New book charts the making of Lewis Teague’s 1983 Stephen King shocker Cujo
Lewis Teague’s eco-horror masterpiece Cujo, made an entire generation of horror fans think twice before allowing their beloved canines off the leash. More than thirty years on, Melbourne based film historian Lee Gambin (who occasionally writes for this very site) revisits the film adaptation of Stephen King’s novel, in the extensive tome “Nope, Nothing Wrong Here: The Making of Cujo.”
Gambin’s previous work – “Massacred by Mother Nature: Exploring the Natural Horror Film” and “We Can be Who We Are: Movie Musicals from the 1970s” – displays his endless knowledge of cinema, along with his ability to provide new insight into much loved films. “Nope, Nothing Wrong Here” continues in this vein as Gambin talks with countless people involved in the production of Cujo. Including Dee Wallace, Danny Pintauro and his parents and the film’s animal trainers, each providing unique insight into the making of Cujo.
We’ve asked Gambin to give us a taste of what we can expect from his book as he discusses ten little known facts about horror’s iconic canine.
ComingSoon.net: Peter Medak was originally the assigned director for Cujo. Are you aware of any footage he shot before he left the project?
Lee Gambin: Absolutely. Peter Medak had shot an opening sequence that took place in a cemetery. He talks about it in detail for my book. Initially the sequence would act as the opening titles and start off looking over a busy freeway at night in Mendocino which stood in for Stephen King’s fictional town of Castle Rock, Maine (the setting of CUJO, as well as other King works) and the headlights from the zooming cars would evoke an ominous tone. From the freeway Medak directed the course of action to the cemetery where we would meet the vampire bat that would eventually infect Cujo with rabies. There was a massive connection made to the supernatural in the initial screenplay by writer Barbara Turner (who was hired after Stephen King was dropped from the project as screenwriter). She had taken cue from King’s connective tissue to his previous novel “The Dead Zone” and used the Frank Dodd character (now dead, but still a haunting presence) as an influence in the evil that will permeate this opening sequence. Apparently it was an elaborate shoot involving a crane and difficult complicated angles that took a long time, which essentially infuriated producer Dan Blatt who then eventually fired Medak and his DOP Tony Richmond and the rest is history. Interestingly enough, the cemetery actually appears in the final cut of the film when Dee Wallace and Danny Pintauro drive past it in the ailing Pinto. There are a lot of crazy stories regarding this entire sequence from not only Medak and Richmond but other people who were on the film under Medak’s direction.
CS: Did Peter Medak’s sudden departure have any major effects on the cast and crew?
Gambin: Most definitely the crew! From what I hear most of the camera department, sound department and additional company members really loved Tony Richmond, and those who worked with Peter Medak could only say lovely things about him. The film was a non-union production and a lot of the crew ended up coming from Utah and worked under Lewis Teague’s direction, who did a phenomenal job. However, there was some sadness from certain people who missed Peter Medak. Medak’s son Christopher stayed on the project as a production assistant and he shares some interesting stories regarding the change in directors. However, you have to understand Lewis Teague was initially hired to do the film because he was suggested by Stephen King himself who really loved his excellent film Alligator from 1980. Politics intercepted, and Peter Medak (who had wowed critics and audiences with The Changeling) was picked up by the studio but of course artistic differences with producer Dan Blatt kicked in and he was let go. Medak was devastated. During my interview with him he was completely candid about his feelings and absolutely depressed by the situation.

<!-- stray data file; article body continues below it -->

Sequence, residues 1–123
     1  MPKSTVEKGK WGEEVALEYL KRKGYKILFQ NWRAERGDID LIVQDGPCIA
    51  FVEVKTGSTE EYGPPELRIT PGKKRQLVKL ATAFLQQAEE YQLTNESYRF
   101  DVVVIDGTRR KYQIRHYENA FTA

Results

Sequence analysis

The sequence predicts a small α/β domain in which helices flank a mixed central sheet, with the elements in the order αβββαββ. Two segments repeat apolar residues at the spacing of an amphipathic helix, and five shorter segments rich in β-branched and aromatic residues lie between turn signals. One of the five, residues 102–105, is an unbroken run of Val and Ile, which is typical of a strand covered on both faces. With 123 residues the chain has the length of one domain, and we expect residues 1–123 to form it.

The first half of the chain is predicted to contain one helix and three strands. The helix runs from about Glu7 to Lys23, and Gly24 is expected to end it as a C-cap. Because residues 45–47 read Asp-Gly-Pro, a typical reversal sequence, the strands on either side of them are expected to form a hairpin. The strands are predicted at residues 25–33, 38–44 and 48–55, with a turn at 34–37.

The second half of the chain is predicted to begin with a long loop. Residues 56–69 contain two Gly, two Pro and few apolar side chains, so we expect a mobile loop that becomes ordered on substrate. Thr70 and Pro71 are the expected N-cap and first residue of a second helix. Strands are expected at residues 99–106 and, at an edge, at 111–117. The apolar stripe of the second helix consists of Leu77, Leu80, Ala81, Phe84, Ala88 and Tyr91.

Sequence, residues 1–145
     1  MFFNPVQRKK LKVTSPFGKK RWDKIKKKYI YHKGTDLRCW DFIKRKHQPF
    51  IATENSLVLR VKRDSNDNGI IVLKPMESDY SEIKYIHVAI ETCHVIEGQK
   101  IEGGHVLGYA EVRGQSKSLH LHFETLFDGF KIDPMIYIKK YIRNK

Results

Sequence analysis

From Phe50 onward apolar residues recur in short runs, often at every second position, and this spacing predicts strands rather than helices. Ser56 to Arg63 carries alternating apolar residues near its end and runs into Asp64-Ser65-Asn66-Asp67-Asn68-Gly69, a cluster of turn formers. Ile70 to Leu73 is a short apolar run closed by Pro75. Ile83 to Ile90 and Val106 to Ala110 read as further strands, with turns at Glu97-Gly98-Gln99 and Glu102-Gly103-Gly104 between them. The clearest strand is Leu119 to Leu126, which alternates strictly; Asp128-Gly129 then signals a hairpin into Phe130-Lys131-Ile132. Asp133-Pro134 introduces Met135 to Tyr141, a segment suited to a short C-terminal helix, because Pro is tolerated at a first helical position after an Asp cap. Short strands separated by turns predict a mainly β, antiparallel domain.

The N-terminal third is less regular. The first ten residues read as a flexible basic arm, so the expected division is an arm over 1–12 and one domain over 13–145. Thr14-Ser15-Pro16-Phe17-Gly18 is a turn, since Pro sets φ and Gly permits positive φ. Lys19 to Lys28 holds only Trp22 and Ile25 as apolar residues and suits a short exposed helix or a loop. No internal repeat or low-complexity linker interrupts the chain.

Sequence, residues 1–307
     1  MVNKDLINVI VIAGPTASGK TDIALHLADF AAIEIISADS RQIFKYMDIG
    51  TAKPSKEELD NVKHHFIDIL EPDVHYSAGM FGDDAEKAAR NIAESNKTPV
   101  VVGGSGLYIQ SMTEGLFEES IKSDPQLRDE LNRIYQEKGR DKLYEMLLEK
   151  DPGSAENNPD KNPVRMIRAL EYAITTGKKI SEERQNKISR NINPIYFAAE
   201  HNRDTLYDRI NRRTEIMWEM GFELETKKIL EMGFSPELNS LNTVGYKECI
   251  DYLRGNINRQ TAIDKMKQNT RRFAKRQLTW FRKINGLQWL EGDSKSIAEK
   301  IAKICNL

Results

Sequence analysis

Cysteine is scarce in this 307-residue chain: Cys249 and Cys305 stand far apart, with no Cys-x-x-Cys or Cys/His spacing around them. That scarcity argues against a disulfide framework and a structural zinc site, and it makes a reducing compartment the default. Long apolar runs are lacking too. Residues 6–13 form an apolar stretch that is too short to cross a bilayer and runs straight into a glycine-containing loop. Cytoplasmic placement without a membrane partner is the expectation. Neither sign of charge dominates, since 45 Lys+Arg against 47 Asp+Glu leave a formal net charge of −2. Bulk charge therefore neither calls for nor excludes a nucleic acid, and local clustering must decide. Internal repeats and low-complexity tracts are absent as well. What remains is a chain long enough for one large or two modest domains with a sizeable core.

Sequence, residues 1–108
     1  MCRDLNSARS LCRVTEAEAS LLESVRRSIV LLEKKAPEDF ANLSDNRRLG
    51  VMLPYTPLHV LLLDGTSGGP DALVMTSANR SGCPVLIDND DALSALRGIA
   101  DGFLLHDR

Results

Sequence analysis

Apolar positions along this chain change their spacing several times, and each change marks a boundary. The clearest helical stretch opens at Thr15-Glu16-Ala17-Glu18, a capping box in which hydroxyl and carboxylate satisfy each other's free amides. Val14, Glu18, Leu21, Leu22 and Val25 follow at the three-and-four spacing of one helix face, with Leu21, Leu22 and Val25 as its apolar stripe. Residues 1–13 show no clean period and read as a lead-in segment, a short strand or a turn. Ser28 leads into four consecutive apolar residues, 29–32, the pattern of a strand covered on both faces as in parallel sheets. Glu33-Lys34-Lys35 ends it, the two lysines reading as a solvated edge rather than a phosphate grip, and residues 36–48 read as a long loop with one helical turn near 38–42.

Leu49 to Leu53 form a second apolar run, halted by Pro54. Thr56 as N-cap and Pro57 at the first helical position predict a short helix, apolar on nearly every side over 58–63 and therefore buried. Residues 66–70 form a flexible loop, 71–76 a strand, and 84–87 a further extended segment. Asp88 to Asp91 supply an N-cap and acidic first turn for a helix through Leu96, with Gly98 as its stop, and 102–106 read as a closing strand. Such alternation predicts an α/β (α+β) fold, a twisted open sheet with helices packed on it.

CS: You’ve talked extensively with the daughter of animal trainer, Karl Lewis Miller, Teresa Ann Miller. Karl’s work in Cujo is so impressive. Is Miller’s background specifically in dog training?
Gambin: Most definitely. Among other animals of course, but Miller’s work was primarily dealing with dogs of all breeds. He was an incredible man who was devoted to his animals and not only an amazing trainer and wrangler, but an activist. His daughter Teresa (who is also a leading animal trainer who did some phenomenal work in the very important movie White God (2014)) shared some beautiful stories regarding him. She discusses the fact that her father wanted the producers on Cujo to change the breed of dog for the movie, suggesting they use a Doberman instead! Miller had worked with Dobermans quite often in films such as They Only Kill Their Masters (1972) and found them incredibly easy to train, he had never worked with St. Bernards before. Of course, the character of Cujo is a St. Bernard, so Miller set out to find a group of this specific breed to all contribute. These dogs lived on his ranch with him and his family, and the exact number of St. Bernards used varies depending on who you speak to. But the core dogs were Cubby, Daddy and Moe who all excelled at different things such as long distance running, lunging, growling and so forth. I feel Karl Lewis Miller’s legacy will be well represented in this book and besides his amazing work on CUJO, you really need to go back and look at his superb animal action success with films such as The Pack (1977), White Dog (1981) and many more.